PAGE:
Episode 24 is When the Straight Talk Express Rolled Through New Hampshire. In the 2000 election, George W. Bush was the anointed candidate for the Republicans. Challenging him in New Hampshire was John S. McCain. The winner in New Hampshire was Senator McCain. The winner of the nomination, and ultimately the Presidency, was George W. Bush.

The WS story is about how JSM got the 2000 New Hampshire voters on his side. The 2008 story will, no doubt, be a future episode of WS. JSM did the whole Straight Talk routine, and won the nomination. JSM chose Sarah Palin as his running mate. Whether JSM had a chance, after eight years of W, is a good question. BHO won the 2008 election. John McCain died August 25, 2018.

In Georgia, the electoral votes are all but conceded to the Republicans. The only time we get to choose is the primary. In 2008, PG saw the two choices were John McCain and Barack Obama. Both had flaws, but both offered alternatives to the nonsense of Mike Huckabee and John Edwards. After thinking about it, PG remembered that John McCain dropped napalm on women and children. So PG voted for Barack Obama. Once elected, BHO would fire hellfire missiles at women and children.

In the 2016 Georgia primary, there were five candidates: Bernie Sanders, Hillary Clinton, Donald Trump, Ted Cruz, and Marco Rubio. PG did not like any of them. He decided to vote for the best looking candidate, Marco Rubio. On February 13, 2020, we still do not know who will be a viable candidate during the Georgia primary. PG will make up his mind while walking to the school, to cast his vote. PG will probably hold his nose while doing so.

‘The Weasel, Twelve Monkeys and the Shrub’ David Foster Wallace covered the McCain campaign for Rolling Stone. He was always good for a few thousand words, often in the first sentence. DFW had a few thoughts about why JSM was so popular.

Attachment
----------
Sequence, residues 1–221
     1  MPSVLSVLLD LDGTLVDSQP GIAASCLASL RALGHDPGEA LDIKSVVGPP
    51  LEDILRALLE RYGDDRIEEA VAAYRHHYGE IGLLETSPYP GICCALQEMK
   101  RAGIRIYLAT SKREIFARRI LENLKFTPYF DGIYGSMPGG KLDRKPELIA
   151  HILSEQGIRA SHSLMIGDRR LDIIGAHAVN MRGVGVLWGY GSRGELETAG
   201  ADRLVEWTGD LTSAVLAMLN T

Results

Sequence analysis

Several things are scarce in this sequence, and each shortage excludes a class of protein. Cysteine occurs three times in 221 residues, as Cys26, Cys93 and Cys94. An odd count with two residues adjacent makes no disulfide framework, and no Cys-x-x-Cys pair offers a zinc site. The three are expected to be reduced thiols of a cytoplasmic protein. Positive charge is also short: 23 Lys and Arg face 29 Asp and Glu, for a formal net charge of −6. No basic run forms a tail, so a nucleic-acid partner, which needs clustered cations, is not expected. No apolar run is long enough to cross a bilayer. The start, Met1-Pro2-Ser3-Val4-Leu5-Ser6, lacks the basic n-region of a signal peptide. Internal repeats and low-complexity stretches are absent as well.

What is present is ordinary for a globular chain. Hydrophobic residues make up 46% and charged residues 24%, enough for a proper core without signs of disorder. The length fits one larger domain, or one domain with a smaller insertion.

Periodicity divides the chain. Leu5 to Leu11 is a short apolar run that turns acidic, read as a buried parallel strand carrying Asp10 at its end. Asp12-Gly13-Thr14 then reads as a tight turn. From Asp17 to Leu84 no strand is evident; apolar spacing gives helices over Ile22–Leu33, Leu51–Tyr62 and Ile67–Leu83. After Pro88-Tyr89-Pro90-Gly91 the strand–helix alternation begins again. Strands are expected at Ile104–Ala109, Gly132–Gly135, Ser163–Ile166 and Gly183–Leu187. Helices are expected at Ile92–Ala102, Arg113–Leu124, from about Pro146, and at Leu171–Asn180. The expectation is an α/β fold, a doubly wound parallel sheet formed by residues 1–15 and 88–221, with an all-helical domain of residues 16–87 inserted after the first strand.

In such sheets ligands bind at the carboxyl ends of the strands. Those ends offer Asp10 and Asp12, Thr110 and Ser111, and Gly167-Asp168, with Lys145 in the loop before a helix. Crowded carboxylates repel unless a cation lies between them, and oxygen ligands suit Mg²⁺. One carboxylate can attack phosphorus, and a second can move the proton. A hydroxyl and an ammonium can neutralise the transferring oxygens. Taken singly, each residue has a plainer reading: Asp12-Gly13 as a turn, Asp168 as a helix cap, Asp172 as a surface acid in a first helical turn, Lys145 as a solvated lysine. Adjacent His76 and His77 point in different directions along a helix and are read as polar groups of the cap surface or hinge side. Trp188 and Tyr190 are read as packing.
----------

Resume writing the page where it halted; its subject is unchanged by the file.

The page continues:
“Because we’ve been lied to and lied to, and it hurts to be lied to. It’s ultimately just about that complicated: it hurts. We learn this at like age four—it’s grownups’ first explanation to us of why it’s bad to lie (“How would you like it if … ?”). And we keep learning for years, from hard experience, that getting lied to sucks—that it diminishes you, denies you respect for yourself, for the liar, for the world. Especially if the lies are chronic, systemic, if experience seems to teach that everything you’re supposed to believe in’s really just a game based on lies. … It’s painful to believe that the would-be “public servants” you’re forced to choose between are all phonies whose only real concern is their own care and feeding and who will lie so outrageously and with such a straight face that you know they’ve just got to believe you’re an idiot.”

In 2016, the outlaw candidate was Bernie Sanders, who has no middle name. He won a big victory in New Hampshire. BS is lying through his teeth. He says he will make college tuition free, and install single payer socialized medicine. Everyone knows these are lies (BS²) and yet the Bernoids play along. (Earlier this week, BS won a slim victory over Amy Jean Klobuchar, and Peter Paul Montgomery Buttigieg, in the New Hampshire primary.)

Pictures today are from The Library of Congress. These men never voted in a presidential primary.

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Abraham Lincoln and Charles Darwin

Posted in History, Holidays, Library of Congress by chamblee54 on February 12, 2020





Today is the 211th birthday of Abraham Lincoln and Charles Darwin. This used to be a holiday in the US, along with Washington’s BD on February 22. The two were combined into President’s Day.

It is unlikely that the two met, or knew much about the other. “On the origin of species” was published in 1859, as the United States teetered on the brink of catastrophe. There is a certain “Darwinism” in the way the unpleasantness of the eighteen sixties went down. The northeast quadrant of the United States gained dominance over a large chunk of North America, at a horrible cost. The concept that a human being could literally own another human being was banished.

There are two other anniversaries of note today. On February 12, 1733, James Oglethorpe landed a boatload of debtors on the future site of Savannah. This was the start of the Colony/State of Georgia.

There is another that continues the symmetry of Darwin/Lincoln, and was exactly 100 years later. On February 12, 1909, the NAACP was founded. On February 12 1904, Ted Mack, host of the Original Amateur Hour, was born. To make room for all this talent, on February 12, 1942, Grant Wood (painter of “American Gothic”) went to that village in the sky. He left the pitchfork behind.